Jumping Tadpoles

I get to wander many of Providence’s wilder places on a pretty regular basis, and now that I have been taking wildlife videos in the North Burial Ground for several years I have become more knowledgeable about the wildlife in our city, as well as simply much more observant of the world around me.

With the dryness of this spring my usual haunt of the drainage swale is cracked mud and unless we get significant rains in the next week or two, it is unlikely that Fowler’s Toads or Gray Tree Frogs will breed there this year. Luckily the other wet spot in the Burial Ground is a permanent pond that seems almost completely unaffected by the dry weather. I have recorded two types of herons, many smaller birds, bats, at least two kinds of turtles, and a variety of other life this spring. Many of these creatures are already posted on Moshassuckcritters, or will be by the time the fall rolls around.

This week i have been focusing on one of my favorite phenomena, the jumping Bullfrog tadpoles in the pond. I have noticed this before, I have posted videos of it both of the last two years, but as is the case with all of this work, each year I probe a little deeper.

What I have learned, mostly from experience, followed by a bit of research, is that Bullfrog tadpoles tend to jump out of the water more the closer they get to becoming frogs. Bullfrog tadpoles overwinter in the pond, with breeding in the late spring, development over the course of the summer, winter under the ice, and a spring growth spurt. Last year for the first time I was able to capture in pixels first year Bullfrog tadpoles in the fall. They are much bigger now.

As I did research I found a variety of things on why frog tadpoles jump out of the water, breeching like mini whales. There is no one definitive answer, but what appears to be the case is that for some species of frogs the breeding ponds can become oxygen depleted, and as the frogs get closer to metamorphosis their lungs start to develop so they can breathe in the air, and need the oxygen. This begs the question of why they need to expend so much energy jumping almost completely out of the water rather than just swimming to the surface of the pond. For some species the jumping is a prelude to moving away from oxygen depleted and drying up ponds (always a problem for amphibians) and searching for new ponds.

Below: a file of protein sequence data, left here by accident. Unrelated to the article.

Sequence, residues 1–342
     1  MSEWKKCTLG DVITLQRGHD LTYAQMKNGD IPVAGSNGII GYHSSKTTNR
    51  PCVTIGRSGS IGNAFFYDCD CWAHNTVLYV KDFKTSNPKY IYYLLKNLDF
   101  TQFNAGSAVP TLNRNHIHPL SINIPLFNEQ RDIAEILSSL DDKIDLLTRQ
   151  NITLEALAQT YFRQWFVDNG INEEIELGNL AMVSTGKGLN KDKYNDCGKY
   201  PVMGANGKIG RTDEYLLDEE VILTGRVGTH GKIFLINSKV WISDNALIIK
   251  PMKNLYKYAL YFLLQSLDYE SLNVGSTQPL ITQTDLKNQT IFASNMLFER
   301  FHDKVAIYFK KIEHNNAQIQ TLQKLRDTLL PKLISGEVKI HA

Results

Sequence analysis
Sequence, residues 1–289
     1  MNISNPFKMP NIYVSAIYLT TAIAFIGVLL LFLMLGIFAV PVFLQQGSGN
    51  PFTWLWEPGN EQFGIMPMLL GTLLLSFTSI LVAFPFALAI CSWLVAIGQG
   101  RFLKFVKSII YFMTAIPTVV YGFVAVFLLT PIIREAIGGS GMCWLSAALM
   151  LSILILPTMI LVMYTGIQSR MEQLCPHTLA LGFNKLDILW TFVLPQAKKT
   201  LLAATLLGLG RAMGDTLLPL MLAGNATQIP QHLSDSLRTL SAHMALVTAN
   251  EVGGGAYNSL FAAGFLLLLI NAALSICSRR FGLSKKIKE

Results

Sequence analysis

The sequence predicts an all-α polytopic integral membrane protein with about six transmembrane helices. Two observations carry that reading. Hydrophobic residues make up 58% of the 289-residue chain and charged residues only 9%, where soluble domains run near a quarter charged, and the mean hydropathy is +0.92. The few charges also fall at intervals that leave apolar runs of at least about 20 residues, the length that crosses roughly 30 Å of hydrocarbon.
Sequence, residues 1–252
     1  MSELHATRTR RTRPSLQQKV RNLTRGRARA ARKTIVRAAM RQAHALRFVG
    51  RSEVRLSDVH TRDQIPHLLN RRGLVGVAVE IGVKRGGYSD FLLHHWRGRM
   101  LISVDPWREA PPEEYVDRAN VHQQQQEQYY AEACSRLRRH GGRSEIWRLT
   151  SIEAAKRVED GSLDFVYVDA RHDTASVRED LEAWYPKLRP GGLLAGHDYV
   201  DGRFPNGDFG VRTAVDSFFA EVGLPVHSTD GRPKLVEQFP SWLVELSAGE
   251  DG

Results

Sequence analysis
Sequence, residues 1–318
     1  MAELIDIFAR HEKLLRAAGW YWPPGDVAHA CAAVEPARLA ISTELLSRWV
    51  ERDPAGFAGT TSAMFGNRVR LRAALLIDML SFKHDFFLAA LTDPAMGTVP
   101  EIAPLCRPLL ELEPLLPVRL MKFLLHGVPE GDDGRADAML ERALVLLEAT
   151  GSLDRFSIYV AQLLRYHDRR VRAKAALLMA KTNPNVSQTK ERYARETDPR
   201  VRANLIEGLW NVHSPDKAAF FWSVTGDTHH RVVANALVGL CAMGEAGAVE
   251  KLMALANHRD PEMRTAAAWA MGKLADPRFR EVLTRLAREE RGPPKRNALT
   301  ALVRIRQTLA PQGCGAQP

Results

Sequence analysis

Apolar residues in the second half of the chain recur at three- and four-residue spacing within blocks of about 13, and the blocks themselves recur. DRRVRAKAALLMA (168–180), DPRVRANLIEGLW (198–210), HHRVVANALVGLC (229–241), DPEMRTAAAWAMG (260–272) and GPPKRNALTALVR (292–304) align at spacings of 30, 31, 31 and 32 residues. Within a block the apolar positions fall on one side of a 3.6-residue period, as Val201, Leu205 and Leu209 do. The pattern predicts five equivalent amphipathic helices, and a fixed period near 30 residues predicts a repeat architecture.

The Bullfrogs I observe are in no danger of drying out, the pond is permanent, so while it may be oxygen depleted (I am guessing it is from the constant murk of dead algae blooms that color it coffee brown) the frogs are not going anywhere, and there are no other nearby waterbodies to move to except the Moshassuck River 200 yards away.

Some observers have suggested that tadpoles jump to escape predators. This is entirely possible in some places and with some amphibian species, but in this case that seems most unlikely. The only predators in the pond that this strategy would work on are snapping turtles, and there are at most 1 or 2 snappers in the pond. Since the Bullfrog tadpoles are often simultaneously jumping all over the pond, clearly this is not the answer.

The final suggestion I have read is that this is innate behavior in the tadpoles that is preparing them for life as frogs. As I write this I have no observations of legs on Bullfrog tadpoles yet this year, but that is probably as much due to the difficulty of observing tadpoles in the water in the murk, as anything, as with metamorphosis only 5 weeks away it is likely that legs are developing. Based on my observations of leg development in Fowler’s Toad tadpoles, which i have studied intensively (check out “6 weeks in 90 Seconds” on the Moshassuckcritters Youtube channel) early stage legs in frogs are not much use, but s they develop the frogs use them more and more in locomotion, though as swimmers rather than jumpers until the front legs break out just as metamorphosis is starting.

Therefore it is most reasonable to think that as tadpole bodies are slowly preparing to be frogs that jumping would start to become a part of the behavioral repertoire even before the legs are quite ready to use. The exercising of muscles other than those in the legs that are part of the complex of muscles needed to jump as adult frogs could easily lead to jumping tadpoles with tiny legs.

My research is incomplete, and likely to be more complicated by the serious lack of knowledge/research in the field, so I will have to leave us pondering the relationship between low oxygen ponds and the development process in determing why Bullfrog tadpoles start jumping in May in Providence. But what ever the reason the breeching mini whales are fun to watch, and I offer up this video.

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